How do I wish someone happy Ramadan 2023?
How do I wish someone a happy Ramadan? Plus things NOT To say to a Muslim fasting
- READ MORE: Find a Ramadan timetable for your city here
- READ MORE: Is fasting during Ramadan good for you? Are there any risks?
Ramadan 2023 starts on the evening of March 22, as Muslims in the UK and around the world observe their holy month.
It is a time of worship, fasting, prayer, charity, community spirit and spiritual development.
During the month, practicing Muslims refrain from eating and drinking anything from dawn until sunset.
They will have a pre-fasting breakfast before the sun is up, and a post-fasting dinner at night time.
For non-muslims, there are plenty of ways you can support friends, family and co-workers who are practicing fasting for Ramadan.
Here are the ways you can wish people a happy Ramadan, plus the things you should avoid saying to someone fasting during the month…
Each year, Muslims in the UK and around the world celebrate Ramadan. Pictured: Muslims sharing a meal after prayer on Eid al-Fitr to mark the end of Ramadan in May 2022 in Basra, Iraq
How do I wish someone happy Ramadan?
During the month of Ramadan, many Muslims wish each other ‘Ramadan mubarak’ which means ‘blessed Ramadan’.
Another term which is often used during the month is ‘Ramadan kareem’ – translating to ‘generous Ramadan’.
Both of these phrases derive from Arabic origins, while other nations with a high Muslim population throughout Asia and Africa have their own dialects to wish people a happy Ramadan.
When the end of the fasting month is reached and Eid approaches, the greeting changes to ‘Eid mubarak’, which means ‘blessed Eid’.
Things you SHOULDN’T say to someone fasting for Ramadan
‘What a great way to lose weight’
Ramadan isn’t about losing weight to shape up for your summer holiday, it’s a religious period marking the ninth month of the Islamic year.
Observing the period of Ramadan is one of the five pillars of Islam and fasting is intended to strengthen “taqwa”, which can be translated as God consciousness.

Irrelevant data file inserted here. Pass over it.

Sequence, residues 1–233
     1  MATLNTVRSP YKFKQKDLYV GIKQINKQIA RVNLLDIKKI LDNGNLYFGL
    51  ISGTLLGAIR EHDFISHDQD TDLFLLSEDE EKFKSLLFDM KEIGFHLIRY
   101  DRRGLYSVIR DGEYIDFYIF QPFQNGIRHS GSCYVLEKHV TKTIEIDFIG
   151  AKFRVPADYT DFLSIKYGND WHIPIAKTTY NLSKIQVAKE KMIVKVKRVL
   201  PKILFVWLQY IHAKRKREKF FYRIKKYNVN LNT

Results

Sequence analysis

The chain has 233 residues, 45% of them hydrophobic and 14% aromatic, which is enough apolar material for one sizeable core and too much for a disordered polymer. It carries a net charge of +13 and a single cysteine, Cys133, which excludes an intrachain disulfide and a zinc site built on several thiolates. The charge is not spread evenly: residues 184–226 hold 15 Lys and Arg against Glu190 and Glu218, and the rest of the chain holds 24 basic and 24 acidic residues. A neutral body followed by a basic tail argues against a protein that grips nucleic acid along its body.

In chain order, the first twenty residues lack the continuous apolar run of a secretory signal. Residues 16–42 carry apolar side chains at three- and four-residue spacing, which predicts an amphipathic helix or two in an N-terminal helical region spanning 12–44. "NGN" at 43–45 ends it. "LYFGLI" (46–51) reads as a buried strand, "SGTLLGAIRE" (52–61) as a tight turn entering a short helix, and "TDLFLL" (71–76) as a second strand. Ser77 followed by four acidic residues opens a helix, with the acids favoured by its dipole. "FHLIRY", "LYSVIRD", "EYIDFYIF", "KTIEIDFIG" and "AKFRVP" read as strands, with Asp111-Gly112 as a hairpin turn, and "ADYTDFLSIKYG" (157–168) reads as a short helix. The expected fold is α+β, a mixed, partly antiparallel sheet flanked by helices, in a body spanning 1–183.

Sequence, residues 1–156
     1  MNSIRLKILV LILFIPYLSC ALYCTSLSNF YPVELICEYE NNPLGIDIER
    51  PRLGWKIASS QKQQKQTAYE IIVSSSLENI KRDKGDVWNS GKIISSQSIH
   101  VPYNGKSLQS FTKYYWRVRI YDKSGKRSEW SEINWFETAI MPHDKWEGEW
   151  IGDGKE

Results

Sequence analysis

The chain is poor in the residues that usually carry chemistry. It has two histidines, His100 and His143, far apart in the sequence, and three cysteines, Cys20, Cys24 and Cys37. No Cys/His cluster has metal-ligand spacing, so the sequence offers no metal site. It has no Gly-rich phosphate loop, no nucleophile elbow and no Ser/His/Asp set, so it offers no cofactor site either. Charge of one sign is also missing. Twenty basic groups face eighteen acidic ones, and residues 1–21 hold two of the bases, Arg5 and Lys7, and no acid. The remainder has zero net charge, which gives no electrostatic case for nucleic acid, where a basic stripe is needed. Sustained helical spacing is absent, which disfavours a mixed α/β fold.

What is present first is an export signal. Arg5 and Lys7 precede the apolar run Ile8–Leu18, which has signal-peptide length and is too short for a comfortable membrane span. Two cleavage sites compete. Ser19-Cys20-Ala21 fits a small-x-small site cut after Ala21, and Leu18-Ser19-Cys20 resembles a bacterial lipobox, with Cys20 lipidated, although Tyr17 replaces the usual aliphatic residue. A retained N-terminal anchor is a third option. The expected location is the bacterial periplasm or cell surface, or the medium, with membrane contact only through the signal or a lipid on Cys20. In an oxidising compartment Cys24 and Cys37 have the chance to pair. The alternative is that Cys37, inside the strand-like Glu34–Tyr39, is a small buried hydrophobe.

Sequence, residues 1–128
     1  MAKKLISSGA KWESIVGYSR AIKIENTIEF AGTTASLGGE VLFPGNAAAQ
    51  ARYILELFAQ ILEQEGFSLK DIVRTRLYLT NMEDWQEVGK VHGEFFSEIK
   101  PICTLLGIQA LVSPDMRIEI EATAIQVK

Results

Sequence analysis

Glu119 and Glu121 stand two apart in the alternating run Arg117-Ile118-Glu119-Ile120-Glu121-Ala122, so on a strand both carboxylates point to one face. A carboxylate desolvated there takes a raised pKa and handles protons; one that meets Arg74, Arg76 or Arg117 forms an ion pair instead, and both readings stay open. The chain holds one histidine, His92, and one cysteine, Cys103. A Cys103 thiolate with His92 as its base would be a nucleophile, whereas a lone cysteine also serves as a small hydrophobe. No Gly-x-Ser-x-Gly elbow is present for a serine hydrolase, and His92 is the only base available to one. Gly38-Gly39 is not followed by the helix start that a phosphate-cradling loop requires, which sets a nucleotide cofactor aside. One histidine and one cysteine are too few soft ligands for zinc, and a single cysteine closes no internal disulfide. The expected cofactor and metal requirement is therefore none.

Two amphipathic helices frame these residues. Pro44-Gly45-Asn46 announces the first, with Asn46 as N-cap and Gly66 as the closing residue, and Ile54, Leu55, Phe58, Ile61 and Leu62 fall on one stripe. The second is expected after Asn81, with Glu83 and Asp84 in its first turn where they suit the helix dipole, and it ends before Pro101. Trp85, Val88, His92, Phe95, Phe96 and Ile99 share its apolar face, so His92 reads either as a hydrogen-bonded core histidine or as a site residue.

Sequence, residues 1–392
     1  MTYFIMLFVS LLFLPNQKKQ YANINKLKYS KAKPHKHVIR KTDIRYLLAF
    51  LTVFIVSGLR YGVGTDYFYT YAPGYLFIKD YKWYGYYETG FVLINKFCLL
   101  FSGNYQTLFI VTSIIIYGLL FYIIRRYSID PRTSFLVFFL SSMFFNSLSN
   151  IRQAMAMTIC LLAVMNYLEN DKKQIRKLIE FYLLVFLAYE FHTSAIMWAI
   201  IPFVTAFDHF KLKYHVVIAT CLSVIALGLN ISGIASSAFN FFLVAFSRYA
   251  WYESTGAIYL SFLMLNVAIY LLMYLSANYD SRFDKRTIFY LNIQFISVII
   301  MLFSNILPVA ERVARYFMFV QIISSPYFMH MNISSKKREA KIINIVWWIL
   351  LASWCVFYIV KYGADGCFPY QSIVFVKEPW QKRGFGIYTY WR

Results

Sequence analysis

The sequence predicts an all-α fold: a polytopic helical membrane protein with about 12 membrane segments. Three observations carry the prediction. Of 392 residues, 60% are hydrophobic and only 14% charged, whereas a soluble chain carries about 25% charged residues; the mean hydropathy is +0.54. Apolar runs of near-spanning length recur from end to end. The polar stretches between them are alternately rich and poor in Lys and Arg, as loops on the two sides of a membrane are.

In addition to boosting spiritual discipline, abstaining from food and drink reminds the one fasting to be grateful of God’s bounties.
‘Come to a lunch meeting!’
While some muslims practicing Ramadan might not mind attending a lunch event for work, it can be offensive to insist on asking someone who is fasting to attend an event centred around food during daylight hours.
Ibrahim Hooper from the Council on American-Islamic Relations explained to Business Insider that many Muslims are happy to answer questions about Ramadan from people who are curious to learn, however it is important not to overstep the mark.
‘Why aren’t you fasting?’ to a woman
There are lots of reasons why people might not be fasting for Ramadan, including health conditions which make some muslims exempt, so overall, it is best not to pry too much if you notice someone isn’t practicing the fast.
In particular, some women do not fast while they are on their period, which may well be something they wish to keep to themselves.
If you notice someone you know who would usually fast is not doing so, it is best not to ask the question, to avoid veering into sensitive territory.
‘Can you not even drink WATER?’
As part of the fast, muslims refrain from lots of things including food, drink and sexual relations.
This includes all drinks, as well as water. While it likely wouldn’t cause offence to ask someone this question, many muslims practicing Ramadan have likely been asked this question dozens of times before.
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